Signals from the spacecraft, located 330 million km from Earth, confirmed that the vehicle was able to land on the 500-meter-wide celestial body for a few seconds as planned.
However, it is not yet known whether the vehicle could collect samples from the asteroid surface in this short time.
The aim was to collect at least 60 g of samples from the surface.
Bennu is a very primitive celestial body. For this reason, scientists say that the sand and dust particles on the surface of the asteroid can give very interesting clues about the chemistry of the formation of the Sun and the planets 4 and a half billion years ago.
“This was the turning point of the mission. Now, in a few days, we’ll be able to find out how much we’ve been able to collect from the samples we’ve been waiting for years,” said Thomas Zurbuchen of NASA.
It will take 2023 for the assumed samples collected by the vehicle to reach the world.
If the sample was not collected on this first landing, scientists will try to land Osiris-Rex onto the asteroid once again.
Osirix-Rex, produced by the American company Lockheed Martin, was launched into space on September 8, 2016 and reached near Bennu on December 3, 2018.
Since then, scientists have sweated to find a suitable place for the vehicle to land on Bennu.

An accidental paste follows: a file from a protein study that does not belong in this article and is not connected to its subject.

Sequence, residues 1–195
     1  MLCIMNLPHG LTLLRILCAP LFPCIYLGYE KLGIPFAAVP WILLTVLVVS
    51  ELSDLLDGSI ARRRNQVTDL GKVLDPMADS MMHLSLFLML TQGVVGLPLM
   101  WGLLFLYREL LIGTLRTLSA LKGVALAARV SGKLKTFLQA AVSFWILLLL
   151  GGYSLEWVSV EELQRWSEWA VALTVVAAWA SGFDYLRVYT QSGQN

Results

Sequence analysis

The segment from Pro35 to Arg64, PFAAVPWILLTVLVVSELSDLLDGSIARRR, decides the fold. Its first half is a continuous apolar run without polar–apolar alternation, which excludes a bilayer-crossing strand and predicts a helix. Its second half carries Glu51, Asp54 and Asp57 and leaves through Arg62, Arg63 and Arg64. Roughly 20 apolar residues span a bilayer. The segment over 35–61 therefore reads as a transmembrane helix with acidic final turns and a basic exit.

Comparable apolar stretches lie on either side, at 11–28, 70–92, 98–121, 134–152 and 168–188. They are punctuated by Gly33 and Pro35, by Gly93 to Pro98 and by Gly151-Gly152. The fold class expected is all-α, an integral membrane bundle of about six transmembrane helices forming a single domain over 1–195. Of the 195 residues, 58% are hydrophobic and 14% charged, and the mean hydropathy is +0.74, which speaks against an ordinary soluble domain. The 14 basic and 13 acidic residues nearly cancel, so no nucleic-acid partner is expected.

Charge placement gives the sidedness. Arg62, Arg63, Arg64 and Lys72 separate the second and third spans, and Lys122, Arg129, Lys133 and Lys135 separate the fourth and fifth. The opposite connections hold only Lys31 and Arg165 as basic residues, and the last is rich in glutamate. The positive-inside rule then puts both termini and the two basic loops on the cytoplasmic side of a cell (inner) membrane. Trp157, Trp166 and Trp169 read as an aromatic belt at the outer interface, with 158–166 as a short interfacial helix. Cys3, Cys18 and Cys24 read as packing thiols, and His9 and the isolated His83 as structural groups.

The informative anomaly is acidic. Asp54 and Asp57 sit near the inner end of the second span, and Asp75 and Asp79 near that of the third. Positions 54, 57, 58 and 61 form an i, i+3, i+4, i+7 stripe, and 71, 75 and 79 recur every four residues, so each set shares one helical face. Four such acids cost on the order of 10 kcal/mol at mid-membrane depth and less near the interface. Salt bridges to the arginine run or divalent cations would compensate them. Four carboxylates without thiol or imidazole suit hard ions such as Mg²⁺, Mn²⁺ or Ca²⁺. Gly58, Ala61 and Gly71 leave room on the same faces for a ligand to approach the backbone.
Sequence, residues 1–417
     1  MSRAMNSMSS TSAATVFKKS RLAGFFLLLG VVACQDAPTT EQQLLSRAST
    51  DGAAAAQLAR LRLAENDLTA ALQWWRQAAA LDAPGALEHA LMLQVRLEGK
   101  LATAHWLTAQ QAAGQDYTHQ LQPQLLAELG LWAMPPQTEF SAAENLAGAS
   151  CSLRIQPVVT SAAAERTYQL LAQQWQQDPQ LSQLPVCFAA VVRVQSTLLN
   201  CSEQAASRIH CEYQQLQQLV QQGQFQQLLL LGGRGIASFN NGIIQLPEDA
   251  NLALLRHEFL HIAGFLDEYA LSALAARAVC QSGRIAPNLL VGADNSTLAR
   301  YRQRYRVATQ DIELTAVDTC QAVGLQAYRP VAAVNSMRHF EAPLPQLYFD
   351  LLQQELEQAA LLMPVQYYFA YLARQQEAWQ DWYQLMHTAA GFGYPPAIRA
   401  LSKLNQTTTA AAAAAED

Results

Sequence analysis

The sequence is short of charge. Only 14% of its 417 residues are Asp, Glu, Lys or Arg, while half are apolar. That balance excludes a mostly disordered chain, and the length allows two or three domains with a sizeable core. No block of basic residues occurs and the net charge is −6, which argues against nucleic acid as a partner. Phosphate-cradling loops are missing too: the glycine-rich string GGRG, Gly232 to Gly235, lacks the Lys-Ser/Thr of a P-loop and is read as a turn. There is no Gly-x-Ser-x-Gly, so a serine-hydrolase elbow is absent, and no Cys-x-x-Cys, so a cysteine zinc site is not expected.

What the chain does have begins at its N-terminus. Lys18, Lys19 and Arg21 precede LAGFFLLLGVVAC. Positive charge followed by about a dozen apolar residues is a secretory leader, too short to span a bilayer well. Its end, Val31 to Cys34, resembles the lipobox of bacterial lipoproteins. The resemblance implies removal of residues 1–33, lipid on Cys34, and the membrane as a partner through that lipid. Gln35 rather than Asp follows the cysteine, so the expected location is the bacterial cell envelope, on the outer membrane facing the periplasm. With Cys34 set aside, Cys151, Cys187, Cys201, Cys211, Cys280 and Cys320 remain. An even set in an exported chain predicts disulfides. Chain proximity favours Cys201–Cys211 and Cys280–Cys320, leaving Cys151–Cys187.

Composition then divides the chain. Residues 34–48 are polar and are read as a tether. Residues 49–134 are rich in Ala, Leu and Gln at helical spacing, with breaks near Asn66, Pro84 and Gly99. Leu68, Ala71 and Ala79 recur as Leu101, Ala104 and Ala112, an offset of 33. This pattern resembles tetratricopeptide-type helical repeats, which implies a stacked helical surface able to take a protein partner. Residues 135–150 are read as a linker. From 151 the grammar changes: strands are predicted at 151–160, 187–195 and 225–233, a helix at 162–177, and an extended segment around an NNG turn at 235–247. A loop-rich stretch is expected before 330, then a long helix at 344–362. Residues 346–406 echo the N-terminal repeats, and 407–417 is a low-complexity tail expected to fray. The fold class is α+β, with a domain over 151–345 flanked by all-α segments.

In the end, it was decided that the vehicle would land in the area of about 8 meters wide north of the celestial body called Nightingale.
The landing of the vehicle in the area took 4 and a half hours. Osiris-Rex sensors passed the information to the control center that all stages of the mission were successfully completed.
But it will take a few days for the control center to understand what is gathering from Bennu’s surface in those few seconds.
“Asteroids like Bennu formed in the very, very early stages of the Solar System. These objects are, in simple terms, the building blocks of planets, that is, time capsules that can explain us the formation of the Sun and planets,” said Sara Russell of the Natural History Museum in London. it can help, “he said.
The mission was broadcast live on NASA’s YouTube channel.
NASA promised to share photos showing the landing today.